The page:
Holding up his hands, he surrendered, his puppy dog eyes begging for a truce. “I promise to behave. No food fights—today.”

I scooped up the napkin and tossed it back at him. “Sure you will.”

Gingerly picking up the napkin, Gavin dabbed at the sweat on his forehead and sighed. “Whew! Who turned up the thermostat?”

“I don’t know, but it doesn’t help that we don’t have any trees back here. Shade would’ve been nice.” I fanned my hand in front of my face, doing little to ward off the stale heat. I finished unloading the basket then took a long swig of cool lemonade from one of the two Thermoses. As I swiped perspiration from my upper lip, I asked, “So, tell me, what are your plans for the upcoming school year?”

Gavin took a bite of his sandwich then rested his elbow on his bent knee, taking a moment to chew his food. “I’m keeping my options open,” he answered. “I’ve thought about staying local and returning to school here in Florida, but nothing’s been set in stone yet.” He picked up the second Thermos and chugged down half the contents before continuing.

“Nothing like waiting until last minute to decide on one’s future,” I smiled.

“It’s not last minute,” he rejected my assumption. “I’ve been thinking about my future quite a bit recently. It’s actually been on the very forefront of my mind.” He took another bite of sandwich and looked me in the eye, exposing raw vulnerability.

I held his gaze for a moment, then glanced down at the blanket, guarding my heart. “Rumor has it you’ve been dating Jill—the one we went to grade school with. How’s that going?” I looked back up, proceeding with caution.

He sighed deeply and wiped some miscellaneous mayonnaise from the edge of his mouth. “Yeah. We were an item last year,” he admitted, “but we broke up before I came home this summer. It wasn’t working out between us.” He brushed off his hands and dusted imaginary crumbs from his shorts.

“Really?” My curiosity piqued. “Why not?”

Gavin shrugged. “I couldn’t see us together long term, so what was the point?” He peeled his shirt from his back and pumped air between him and the fabric. “Wow! It’s mighty warm today!”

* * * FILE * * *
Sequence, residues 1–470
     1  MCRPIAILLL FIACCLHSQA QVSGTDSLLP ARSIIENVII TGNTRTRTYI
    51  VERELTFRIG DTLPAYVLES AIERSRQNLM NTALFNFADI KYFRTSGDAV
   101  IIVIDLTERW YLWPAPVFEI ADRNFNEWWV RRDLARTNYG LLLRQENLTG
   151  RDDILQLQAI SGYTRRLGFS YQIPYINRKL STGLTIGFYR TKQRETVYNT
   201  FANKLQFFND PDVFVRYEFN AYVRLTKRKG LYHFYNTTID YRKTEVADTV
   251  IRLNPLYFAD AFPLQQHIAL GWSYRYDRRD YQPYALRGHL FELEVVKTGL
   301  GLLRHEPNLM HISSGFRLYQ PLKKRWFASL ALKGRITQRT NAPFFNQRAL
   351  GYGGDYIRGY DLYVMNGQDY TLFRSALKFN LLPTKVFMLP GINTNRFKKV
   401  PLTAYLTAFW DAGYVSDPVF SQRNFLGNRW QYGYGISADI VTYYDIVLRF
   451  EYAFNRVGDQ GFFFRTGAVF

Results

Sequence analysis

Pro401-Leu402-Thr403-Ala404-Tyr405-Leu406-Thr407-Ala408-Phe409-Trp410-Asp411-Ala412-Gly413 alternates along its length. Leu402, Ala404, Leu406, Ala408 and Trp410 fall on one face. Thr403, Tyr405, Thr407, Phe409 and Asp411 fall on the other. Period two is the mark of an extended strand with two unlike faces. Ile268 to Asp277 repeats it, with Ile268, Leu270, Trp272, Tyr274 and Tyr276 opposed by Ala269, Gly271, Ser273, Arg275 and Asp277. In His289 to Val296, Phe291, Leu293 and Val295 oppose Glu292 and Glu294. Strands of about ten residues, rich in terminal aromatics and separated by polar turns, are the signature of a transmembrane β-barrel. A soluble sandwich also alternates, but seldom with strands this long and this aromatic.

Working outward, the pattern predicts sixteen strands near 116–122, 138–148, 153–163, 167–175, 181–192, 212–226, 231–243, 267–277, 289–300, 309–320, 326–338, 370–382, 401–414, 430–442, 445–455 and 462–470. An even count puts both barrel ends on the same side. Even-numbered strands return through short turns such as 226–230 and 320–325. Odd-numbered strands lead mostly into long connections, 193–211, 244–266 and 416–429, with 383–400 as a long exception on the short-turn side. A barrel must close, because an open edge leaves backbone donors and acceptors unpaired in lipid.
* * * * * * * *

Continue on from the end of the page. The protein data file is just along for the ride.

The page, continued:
“Yeah, the weatherman said it’s supposed to be in the lower 90s this afternoon, but without a breeze, it feels like 100 degrees out here,” I affirmed. In spite of the scorching sun, talking about the weather seemed trivial after finding out Gavin’s relationship status. Does that mean he can see a future with me? Why else would he be sitting here? It’s not like he’s just getting to know me. We’ve been friends and classmates for years.

I finished my sandwich and licked some excess egg salad from my fingers, fanning my plate in front of my face to create a breeze. “I don’t know about you, but I wouldn’t be opposed to finishing the rest of this indoors.” I wiped away a trickle of sweat running down the side of my face and lifted the hair off the back of my shoulders to air off my neck. “It’s hot out here!”

“I thought you’d never ask.” Gavin eagerly helped pile everything back into the basket then assisted me to my feet. Hoisting the basket onto his hip, he waited while I gathered the blanket, shook it out, and folded it into thirds before draping it over my arm.

“Let’s go check on that pie,” I instructed, heading toward the house.

“I’m right behind you.”